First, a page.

Grigory Revzin, the architecture critic tapped to curate Russia's pavilion for the 2014 Venice Architecture Biennale, was fired for writing a column critical of Russia's actions in Ukraine, according to a report in The Moscow Times.
Revzin was fired by Vladimir Medinsky, the Russian Minister of Culture, and replaced by Semyon Mikhailovsky, rector of the St. Petersburg Academy of Arts.
The column appeared on Lenta.ru, one of Russia's most popular news sites, and criticized Russian President Vladimir Putin's decision-making. Revzin questioned Putin's policy on Ukraine, according to the report, writing that "sending the military into Ukraine is a risk, a card game: the adventurous [former Georgian President Mikheil] Saakashvili might play this way, but Putin—what happened to him?"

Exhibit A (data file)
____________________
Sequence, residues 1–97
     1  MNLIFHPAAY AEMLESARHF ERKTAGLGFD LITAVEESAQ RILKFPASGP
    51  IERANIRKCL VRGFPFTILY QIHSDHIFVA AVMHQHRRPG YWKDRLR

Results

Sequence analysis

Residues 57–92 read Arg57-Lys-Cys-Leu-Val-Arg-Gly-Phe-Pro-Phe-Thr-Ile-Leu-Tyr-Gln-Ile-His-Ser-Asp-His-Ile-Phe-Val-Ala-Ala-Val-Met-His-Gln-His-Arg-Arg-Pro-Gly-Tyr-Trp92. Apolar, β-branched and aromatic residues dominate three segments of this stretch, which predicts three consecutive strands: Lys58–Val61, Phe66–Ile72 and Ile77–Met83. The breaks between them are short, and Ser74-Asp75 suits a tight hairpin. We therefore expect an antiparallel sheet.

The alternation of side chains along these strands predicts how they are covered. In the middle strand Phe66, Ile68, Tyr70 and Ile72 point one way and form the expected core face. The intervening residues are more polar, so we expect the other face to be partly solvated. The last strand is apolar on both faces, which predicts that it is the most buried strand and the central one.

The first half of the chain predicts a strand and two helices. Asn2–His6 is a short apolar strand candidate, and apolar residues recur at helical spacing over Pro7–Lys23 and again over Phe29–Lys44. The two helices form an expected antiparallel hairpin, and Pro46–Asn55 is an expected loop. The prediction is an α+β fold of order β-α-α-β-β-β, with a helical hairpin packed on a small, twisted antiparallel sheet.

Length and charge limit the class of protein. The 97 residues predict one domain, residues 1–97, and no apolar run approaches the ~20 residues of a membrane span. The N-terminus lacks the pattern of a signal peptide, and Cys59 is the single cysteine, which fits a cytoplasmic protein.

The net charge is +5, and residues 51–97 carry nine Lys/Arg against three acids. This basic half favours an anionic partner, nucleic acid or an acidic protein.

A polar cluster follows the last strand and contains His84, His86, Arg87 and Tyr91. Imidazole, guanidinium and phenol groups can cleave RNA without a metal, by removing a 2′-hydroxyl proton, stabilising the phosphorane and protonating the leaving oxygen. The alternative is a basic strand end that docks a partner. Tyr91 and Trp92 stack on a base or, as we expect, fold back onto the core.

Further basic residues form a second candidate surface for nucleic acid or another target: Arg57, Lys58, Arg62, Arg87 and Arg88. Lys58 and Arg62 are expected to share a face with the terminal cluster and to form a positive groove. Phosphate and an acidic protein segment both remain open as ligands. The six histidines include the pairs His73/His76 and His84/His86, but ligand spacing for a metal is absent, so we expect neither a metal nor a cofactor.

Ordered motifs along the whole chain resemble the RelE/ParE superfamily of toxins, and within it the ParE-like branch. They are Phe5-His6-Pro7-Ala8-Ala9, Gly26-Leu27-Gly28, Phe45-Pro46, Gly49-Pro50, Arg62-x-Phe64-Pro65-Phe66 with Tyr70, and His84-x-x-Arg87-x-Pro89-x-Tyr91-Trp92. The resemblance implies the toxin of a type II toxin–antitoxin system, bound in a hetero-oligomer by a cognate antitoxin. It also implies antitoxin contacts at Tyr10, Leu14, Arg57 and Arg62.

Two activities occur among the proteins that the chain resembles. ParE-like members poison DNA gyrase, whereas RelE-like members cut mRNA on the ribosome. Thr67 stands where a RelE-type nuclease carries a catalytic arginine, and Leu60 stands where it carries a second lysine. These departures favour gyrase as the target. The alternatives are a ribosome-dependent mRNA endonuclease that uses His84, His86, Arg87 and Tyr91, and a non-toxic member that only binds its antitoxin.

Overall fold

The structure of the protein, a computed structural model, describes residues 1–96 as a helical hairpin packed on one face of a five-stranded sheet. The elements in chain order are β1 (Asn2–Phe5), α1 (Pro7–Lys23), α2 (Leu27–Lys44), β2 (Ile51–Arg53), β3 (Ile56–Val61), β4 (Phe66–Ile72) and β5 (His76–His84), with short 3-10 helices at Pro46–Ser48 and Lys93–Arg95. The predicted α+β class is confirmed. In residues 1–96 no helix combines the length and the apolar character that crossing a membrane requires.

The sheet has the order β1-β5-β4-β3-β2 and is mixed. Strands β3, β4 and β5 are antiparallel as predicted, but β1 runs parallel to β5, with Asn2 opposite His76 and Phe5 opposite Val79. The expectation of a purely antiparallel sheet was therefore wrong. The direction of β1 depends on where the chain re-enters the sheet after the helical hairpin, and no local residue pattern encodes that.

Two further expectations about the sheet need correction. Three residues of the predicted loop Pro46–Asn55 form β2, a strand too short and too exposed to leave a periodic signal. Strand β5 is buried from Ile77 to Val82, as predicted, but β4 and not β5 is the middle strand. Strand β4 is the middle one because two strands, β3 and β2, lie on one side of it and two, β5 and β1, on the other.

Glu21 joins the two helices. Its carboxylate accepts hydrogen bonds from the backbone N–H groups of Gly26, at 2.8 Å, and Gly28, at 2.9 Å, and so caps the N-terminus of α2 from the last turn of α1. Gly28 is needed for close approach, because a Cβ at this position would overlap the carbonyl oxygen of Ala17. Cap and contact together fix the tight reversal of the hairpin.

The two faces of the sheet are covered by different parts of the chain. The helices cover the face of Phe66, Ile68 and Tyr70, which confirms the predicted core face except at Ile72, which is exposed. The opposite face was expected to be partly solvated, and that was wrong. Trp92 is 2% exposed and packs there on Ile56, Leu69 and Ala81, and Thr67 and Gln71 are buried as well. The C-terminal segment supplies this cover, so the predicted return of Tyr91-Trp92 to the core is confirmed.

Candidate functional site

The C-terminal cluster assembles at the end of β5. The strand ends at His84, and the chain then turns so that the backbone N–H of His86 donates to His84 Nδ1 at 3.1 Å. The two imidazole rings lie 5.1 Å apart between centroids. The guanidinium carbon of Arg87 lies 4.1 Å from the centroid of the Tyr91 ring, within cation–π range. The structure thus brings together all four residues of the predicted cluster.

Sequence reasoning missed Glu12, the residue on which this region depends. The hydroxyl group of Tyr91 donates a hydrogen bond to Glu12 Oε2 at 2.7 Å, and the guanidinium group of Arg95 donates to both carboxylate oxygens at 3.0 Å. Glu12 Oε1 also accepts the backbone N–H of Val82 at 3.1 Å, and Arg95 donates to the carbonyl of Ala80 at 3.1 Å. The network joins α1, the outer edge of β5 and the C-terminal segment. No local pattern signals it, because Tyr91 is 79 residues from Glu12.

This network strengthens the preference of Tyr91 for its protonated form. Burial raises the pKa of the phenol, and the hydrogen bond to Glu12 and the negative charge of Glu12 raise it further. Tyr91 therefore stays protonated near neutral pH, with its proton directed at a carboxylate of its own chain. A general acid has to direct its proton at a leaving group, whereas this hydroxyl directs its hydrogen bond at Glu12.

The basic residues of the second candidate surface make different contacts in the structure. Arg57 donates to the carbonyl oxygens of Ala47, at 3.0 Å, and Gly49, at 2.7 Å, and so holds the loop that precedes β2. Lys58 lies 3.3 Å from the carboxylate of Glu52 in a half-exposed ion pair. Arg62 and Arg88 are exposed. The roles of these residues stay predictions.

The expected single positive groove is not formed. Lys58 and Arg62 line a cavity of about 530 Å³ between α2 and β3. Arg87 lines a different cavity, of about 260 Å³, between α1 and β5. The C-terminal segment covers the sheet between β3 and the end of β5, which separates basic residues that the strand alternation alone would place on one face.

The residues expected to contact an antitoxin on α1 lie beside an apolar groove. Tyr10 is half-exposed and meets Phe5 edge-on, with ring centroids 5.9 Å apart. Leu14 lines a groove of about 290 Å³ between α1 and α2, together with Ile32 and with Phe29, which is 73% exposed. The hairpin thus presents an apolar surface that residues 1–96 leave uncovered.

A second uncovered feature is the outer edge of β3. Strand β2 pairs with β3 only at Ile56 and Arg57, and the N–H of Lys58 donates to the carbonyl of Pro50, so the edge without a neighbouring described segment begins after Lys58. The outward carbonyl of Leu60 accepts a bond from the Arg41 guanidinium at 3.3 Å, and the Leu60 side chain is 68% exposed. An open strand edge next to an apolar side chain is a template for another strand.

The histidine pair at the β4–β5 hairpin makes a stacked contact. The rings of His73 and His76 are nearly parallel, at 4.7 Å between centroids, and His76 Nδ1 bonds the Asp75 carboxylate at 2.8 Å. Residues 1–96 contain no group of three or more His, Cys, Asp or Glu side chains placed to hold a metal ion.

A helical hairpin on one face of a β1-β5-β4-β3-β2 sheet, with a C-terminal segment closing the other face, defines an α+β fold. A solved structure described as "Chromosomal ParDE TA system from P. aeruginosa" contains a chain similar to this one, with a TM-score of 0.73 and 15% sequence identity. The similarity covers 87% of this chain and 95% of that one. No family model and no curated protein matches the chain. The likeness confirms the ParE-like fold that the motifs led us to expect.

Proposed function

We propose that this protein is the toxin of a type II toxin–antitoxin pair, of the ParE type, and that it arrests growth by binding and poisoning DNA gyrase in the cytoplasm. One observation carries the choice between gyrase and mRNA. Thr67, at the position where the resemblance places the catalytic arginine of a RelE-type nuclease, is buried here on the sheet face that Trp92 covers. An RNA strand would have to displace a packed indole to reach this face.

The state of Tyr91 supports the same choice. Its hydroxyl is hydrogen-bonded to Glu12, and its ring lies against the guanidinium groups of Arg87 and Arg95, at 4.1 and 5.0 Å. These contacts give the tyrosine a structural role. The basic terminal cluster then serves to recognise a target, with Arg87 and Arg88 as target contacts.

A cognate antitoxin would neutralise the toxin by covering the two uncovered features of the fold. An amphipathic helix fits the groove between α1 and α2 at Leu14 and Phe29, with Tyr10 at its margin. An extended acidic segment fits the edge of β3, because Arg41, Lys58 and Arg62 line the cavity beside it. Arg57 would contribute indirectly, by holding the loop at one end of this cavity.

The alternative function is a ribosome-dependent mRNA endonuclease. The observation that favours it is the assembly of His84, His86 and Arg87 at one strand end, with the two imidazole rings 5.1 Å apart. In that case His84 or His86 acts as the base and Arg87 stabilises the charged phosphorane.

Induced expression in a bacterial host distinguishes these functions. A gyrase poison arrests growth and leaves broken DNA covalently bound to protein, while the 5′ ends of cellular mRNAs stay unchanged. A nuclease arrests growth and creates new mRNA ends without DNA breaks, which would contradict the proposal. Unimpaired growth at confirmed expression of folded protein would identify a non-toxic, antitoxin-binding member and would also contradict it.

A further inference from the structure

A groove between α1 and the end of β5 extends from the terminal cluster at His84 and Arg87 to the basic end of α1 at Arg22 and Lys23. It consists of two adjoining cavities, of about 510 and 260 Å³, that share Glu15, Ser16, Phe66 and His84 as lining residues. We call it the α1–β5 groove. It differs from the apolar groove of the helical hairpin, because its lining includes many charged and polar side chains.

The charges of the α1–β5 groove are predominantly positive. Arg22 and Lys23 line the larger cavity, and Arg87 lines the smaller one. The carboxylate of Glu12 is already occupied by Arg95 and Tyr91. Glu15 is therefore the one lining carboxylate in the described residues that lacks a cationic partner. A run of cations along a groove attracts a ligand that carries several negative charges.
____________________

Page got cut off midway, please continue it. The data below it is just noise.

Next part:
Revzin was appointed the commissioner for the Russian pavilion in 2010. In 2012, Revzin filled the Russian Pavilion with imagery from secret Soviet research cities as well as a presentation on Skolkovo, a future arts-and-sciences suburb being planned outside Moscow. (Think a Russian Silicon Valley, says ARCHITECT blogger Aaron Betsky, who is a member of the Supervisory Council for the project.) Revzin designed the Skolkovo exhibit—which took the form of a dome whose interior was covered over with QR Codes that could be deciphered via tablet computer and won the Venice jury prize, a first for Russia at the festival.
The Venice Architecture Biennale opens on June 7, leaving Russia with just two months to change course on its pavilion.
— ARCHITECT magazine (@architectmag) August 30, 2012